4. We should share content. Blended learning will never be sustainable if every professor or every university must reinvent the wheel. We have never expected our professors to write all of the textbooks from which they teach; likewise we cannot expect all teachers who use blended learning to generate all-original content. Rather, we should produce content and technology that is sharable across many different platforms. A faculty member might begin with building content for a flipped class on campus, then experiment with using the same resources in an online course. Another might build simulations for a MOOC, and then develop training modules to help instructors around the world use that content in their own flipped classes. Yet another faculty member might repurpose interactive content created for an advanced undergraduate course into stand-alone modules that help professionals stay abreast of developments in their field.

These kinds of adaptations can multiply the impact of our online resources, amortize their development costs across multiple projects, and facilitate other educational innovations. Our policies, technology and support infrastructure, and partnerships with other universities and private entities should all be configured to ensure that UT Austin is a world leader in helping faculty develop, implement, adapt, and scale up these innovations. Where appropriate, we also should learn from, leverage, and grant credit for high-quality online content and technology created by other leading universities.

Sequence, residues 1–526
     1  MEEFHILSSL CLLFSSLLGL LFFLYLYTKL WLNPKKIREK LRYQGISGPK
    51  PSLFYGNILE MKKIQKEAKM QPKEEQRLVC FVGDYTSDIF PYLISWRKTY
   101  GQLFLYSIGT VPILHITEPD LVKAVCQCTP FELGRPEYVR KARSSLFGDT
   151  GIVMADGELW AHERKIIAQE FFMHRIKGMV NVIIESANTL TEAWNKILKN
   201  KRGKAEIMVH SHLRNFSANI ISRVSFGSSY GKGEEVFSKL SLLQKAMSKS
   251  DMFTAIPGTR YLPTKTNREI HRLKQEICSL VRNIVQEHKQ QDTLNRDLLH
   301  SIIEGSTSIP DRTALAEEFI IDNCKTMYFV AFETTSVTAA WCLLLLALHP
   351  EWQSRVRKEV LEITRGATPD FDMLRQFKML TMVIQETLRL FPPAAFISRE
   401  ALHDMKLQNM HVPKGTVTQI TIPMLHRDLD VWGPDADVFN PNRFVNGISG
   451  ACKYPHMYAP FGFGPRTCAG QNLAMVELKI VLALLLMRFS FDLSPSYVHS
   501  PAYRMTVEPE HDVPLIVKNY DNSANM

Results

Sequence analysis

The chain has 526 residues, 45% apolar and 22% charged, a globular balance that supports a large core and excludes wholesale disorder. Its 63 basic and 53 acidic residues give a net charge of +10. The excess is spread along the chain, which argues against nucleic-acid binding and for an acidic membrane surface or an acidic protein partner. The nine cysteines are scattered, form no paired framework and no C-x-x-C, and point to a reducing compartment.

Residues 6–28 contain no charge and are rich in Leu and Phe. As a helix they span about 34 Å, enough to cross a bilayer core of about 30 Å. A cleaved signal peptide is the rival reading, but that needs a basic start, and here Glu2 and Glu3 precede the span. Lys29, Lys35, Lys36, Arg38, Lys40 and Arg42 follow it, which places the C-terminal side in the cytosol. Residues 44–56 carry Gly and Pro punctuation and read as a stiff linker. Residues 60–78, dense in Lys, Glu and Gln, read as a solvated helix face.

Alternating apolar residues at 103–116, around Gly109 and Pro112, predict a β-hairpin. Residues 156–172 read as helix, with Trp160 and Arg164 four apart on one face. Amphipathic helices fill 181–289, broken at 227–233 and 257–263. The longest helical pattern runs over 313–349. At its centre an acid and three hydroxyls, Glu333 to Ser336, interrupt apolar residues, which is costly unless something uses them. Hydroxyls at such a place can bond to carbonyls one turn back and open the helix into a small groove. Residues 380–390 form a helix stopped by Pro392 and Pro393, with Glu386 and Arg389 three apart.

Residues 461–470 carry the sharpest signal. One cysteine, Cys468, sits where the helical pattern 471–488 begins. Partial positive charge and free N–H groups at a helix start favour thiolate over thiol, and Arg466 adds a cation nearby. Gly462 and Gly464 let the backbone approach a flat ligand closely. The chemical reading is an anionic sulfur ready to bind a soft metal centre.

5. We must never stop innovating. Centuries ago, the innovation of printed books created new possibilities in university classrooms because teachers could assign a greater variety of material than merely their own lectures. Similarly, interactive course materials created by our faculty and colleagues at peer institutions, learning analytics that help us identify and address individual students’ needs, and social media tools with the ability to engage great numbers of learners around the world set the stage for innovations that will define 21st century education. We must support our faculty and academic units in this creative and vital work. We’ve already been working with faculty on these issues for several years and will be working closely with the Faculty Council to ensure that the University is one of the best places to work in the field of educational design and delivery.